New Era As Canada Enters Cannabis Legalization; Workplace Implications Outlined

  • By Jim Bentein
  • Wednesday, October 17, 2018, 7:05 AM MDT

 

A senior manager of a company specializing in drug and alcohol testing at worksites says he’s concerned about impediments to implementing legislation and practices that will prevent workplace deaths.

Provinces across Canada enter a new era today with the legalization of cannabis. It’s something industry has been preparing for, for some time.

Dan Demers, who specializes in drug and alcohol testing for CannAmm Occupational Testing Services, which has offices in Edmonton and North Bay, Ont., said he doesn’t believe governments have taken enough steps to protect Canadians, at worksites and on roadways, as marijuana becomes legal countrywide today.

And Demers thinks the sheer size of the marijuana sector, with companies such as Canopy Growth Corporation having stock market capitalizations in the billions, will prevent governments from moving ahead on needed legislation and marijuana research.

“I worry that the cannabis producers will outspend energy industry associations and other groups in Canada,” he said. “We [the associations] can’t compete with that.”

He said companies like his and organizations and government departments involved in workplace safety, need to continue to advance the case that there is much that needs to be done to protect workers from injury and death.

Meanwhile, he worries that the euphoria over pot legalization will prevent needed steps from being taken to protect workers, particularly those at highly industrialized, risky sites such as oilsands plants.

For example, the need for random drug testing has been jeopardized by a recent Supreme Court ruling that challenged the right of Suncor Energy Inc. to implement such testing at its worksites (subsequently appealed by the company).

Demers worries that there could be ongoing Supreme Court challenges to the right of employers to conduct drug tests, based on what he sees as the false premise that it violates human rights.

“For instance, if there was a Supreme Court judgment that ruled that it doesn’t matter if a crane operator on an industrial worksite consumed marijuana before he went to work, that would worry me greatly,” he said.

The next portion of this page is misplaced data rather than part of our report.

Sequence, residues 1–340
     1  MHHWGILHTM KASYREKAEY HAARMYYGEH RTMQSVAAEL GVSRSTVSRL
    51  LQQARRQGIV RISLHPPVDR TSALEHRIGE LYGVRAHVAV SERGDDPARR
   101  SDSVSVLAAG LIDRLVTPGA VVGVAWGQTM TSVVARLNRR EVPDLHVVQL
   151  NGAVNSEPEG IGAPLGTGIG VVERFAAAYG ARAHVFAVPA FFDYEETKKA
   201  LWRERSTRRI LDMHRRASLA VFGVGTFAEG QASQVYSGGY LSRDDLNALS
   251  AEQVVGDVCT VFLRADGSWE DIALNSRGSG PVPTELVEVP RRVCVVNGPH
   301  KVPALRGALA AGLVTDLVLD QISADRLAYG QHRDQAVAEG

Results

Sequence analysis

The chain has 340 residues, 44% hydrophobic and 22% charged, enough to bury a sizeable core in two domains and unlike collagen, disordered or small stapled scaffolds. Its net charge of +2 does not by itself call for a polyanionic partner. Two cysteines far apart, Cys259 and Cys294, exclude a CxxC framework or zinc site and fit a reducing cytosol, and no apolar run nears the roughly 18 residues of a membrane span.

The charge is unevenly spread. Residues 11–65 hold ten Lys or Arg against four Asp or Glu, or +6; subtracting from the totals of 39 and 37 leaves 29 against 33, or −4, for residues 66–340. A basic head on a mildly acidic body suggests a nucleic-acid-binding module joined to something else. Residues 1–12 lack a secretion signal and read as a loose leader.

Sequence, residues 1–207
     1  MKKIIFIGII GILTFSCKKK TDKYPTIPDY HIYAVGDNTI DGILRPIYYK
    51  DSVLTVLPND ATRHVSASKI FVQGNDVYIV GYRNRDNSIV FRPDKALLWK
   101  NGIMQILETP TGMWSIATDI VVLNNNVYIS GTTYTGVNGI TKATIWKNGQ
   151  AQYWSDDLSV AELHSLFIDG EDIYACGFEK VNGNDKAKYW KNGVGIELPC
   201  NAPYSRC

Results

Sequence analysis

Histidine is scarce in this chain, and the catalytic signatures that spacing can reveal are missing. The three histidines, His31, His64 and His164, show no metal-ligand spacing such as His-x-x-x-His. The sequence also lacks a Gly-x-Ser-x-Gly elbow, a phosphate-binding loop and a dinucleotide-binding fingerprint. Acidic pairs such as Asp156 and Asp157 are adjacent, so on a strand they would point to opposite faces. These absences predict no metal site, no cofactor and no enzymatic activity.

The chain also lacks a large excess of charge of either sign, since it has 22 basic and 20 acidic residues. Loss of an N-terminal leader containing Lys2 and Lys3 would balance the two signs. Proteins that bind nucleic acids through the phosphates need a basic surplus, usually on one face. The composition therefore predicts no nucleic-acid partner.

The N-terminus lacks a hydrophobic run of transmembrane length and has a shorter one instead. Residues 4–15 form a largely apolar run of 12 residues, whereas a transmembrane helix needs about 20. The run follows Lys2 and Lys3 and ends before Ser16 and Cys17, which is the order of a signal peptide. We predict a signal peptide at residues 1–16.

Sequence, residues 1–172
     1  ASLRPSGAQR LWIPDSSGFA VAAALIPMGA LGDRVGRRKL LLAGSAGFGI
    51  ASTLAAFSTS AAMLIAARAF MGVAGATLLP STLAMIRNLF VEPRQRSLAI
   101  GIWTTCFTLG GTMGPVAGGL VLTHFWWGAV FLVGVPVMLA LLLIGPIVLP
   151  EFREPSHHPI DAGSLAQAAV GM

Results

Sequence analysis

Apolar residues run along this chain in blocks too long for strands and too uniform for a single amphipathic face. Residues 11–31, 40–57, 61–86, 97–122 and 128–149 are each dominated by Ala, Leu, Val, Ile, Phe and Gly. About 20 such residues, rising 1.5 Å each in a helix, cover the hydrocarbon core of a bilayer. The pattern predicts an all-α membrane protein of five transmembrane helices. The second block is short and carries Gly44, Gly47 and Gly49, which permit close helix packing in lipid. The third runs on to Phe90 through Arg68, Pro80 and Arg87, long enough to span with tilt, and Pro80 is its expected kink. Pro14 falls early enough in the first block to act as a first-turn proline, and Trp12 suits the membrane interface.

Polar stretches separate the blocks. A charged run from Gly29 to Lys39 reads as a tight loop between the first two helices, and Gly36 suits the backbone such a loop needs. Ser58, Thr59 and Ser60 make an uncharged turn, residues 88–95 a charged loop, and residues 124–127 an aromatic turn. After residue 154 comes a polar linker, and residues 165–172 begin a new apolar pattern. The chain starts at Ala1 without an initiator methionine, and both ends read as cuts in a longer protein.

Demers said he believes the public is better protected from marijuana consumption-caused worksite and roadway injuries and deaths in the U.S. than in Canada because pot remains illegal federally in the U.S., despite recreational and medicinal use being legalized in more than a dozen states. That’s because random testing of safety sensitive jobs is compulsory, even in the states where pot consumption is now legal.

Meanwhile, in Canada, the federal government has failed to implement laws and standards that protect workers, he said.

Ottawa has acted to ensure that employees in the nuclear power industry are subject to random testing, for instance, but that is the only industry where it has taken action to protect worker safety.

Absence of national standards

Demers said provinces, given the absence of national standards, have been forced to act, which has created a hodgepodge of regulations across the country.

Employers have also had to act, even while facing possible human rights and other court challenges.

Air Canada, for instance, has implemented a strict no-pot consumption policy for its pilots and crew.

Municipalities have also needed to act unilaterally. For instance, the Toronto Transit Commission (TTC) implemented a policy forbidding its drivers from consuming marijuana after a pedestrian was killed by a driver who had consumed pot.

Demers believes the government and Canadians overall have failed to understand how dangerous today’s marijuana can be, given that its hallucinogenic impacts are far more intense than might have been the case 20 years ago, when some Baby Boomers consumed it.

For instance, he cites World Health Organization (WHO) and Health Canada warnings that neurocognitive impairment from pot use can linger for days after consumption. He said the key ingredient in pot that creates a “high” tetrahydrocannabinol (THC), is up to 20 times more powerful than in the past.

Industry aware of the issue

Demers believes the federal government, in particular, has failed to conduct the research that was necessary before legalizing pot.

However, he also adds that “nothing has changed” now that it has been legalized, since a large percentage of Canadian adults have consumed marijuana, many of them having done so on a regular basis. And many of them work in the energy sector.

“I think a lot of companies [involved in the energy industry] are aware of the risks because it [pot consumption by workers] is not new,” he said. “The major producers [of oil and gas] know what’s coming.”